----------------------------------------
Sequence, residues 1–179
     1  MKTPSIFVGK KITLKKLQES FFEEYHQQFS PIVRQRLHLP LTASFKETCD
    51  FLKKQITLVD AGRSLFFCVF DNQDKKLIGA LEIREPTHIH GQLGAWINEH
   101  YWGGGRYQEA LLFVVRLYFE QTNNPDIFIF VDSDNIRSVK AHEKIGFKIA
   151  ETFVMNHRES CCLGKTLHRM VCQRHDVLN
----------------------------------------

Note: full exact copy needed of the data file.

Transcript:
Sequence, residues 1–179
     1  MKTPSIFVGK KITLKKLQES FFEEYHQQFS PIVRQRLHLP LTASFKETCD
    51  FLKKQITLVD AGRSLFFCVF DNQDKKLIGA LEIREPTHIH GQLGAWINEH
   101  YWGGGRYQEA LLFVVRLYFE QTNNPDIFIF VDSDNIRSVK AHEKIGFKIA
   151  ETFVMNHRES CCLGKTLHRM VCQRHDVLN